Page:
Pentagon officials last week cut off employee access to private webmail after a malicious, pervasive email campaign was spotted.
Employees could not log on to commercial webmail services from the military’s network for about 48 hours beginning Thursday night, according to the Defense Department. The Defense Information Systems Agency, which operates the Department of Defense Information Network, severed connections, by direction of U.S. Cyber Command.
Defense restored access over the weekend.
“The decision to temporarily block commercial webmail services was a result of a recent, widespread phishing effort,” agency spokesman Jeffrey Capenos told Nextgov in an email Wednesday.
Decision to temporarily block commercial webmail services was a result of a recent, widespread phishing effort
He declined to comment on whether the adversaries disrupted or compromised any systems, but said the agency routinely fights well-resourced threats.
“Given any indicators of suspicious activity,” Pentagon cyber pros have systematic procedures in place and, “as appropriate, mitigate malicious activity, confirm network security and integrity, and further harden defenses,” Capenos said.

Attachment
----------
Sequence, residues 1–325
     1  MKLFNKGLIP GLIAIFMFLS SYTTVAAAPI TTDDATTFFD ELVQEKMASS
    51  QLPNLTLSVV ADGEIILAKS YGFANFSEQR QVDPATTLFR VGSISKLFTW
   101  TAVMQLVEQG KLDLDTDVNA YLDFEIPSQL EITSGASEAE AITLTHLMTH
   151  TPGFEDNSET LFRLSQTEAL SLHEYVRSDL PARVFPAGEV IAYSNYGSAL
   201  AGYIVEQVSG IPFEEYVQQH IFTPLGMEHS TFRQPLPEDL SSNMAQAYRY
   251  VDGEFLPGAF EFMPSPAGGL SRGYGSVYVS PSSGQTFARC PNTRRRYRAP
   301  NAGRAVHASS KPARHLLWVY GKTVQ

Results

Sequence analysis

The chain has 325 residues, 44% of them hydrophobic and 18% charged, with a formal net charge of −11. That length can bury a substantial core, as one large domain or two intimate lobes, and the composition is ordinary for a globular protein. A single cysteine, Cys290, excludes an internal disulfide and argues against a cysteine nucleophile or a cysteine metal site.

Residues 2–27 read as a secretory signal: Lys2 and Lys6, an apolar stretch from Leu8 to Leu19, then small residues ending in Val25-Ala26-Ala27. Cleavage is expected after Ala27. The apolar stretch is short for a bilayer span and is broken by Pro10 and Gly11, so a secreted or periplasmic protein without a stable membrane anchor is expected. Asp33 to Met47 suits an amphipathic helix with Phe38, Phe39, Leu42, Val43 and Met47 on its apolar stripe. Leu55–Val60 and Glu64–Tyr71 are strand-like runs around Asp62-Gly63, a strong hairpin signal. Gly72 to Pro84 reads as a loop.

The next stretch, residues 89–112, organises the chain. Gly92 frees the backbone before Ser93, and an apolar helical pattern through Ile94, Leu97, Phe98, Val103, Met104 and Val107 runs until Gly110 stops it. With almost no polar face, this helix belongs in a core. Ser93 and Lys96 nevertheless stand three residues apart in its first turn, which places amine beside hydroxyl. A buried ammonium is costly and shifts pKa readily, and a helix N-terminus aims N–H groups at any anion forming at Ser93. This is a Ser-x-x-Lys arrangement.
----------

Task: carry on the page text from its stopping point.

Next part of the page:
“DOD cyber forces counter thousands of adversarial cyber efforts daily, and in the highly contested domain of cyberspace, we remain focused on aggressively preventing, mitigating and maintaining resilience against increasingly sophisticated efforts,” he said.
The military was rattled by a successful targeted “spearphishing” attack last summer. In July, hackers tricked Joint Staff personnel into opening emails that helped a nation state, reportedly Russia, penetrate a Pentagon unclassified network.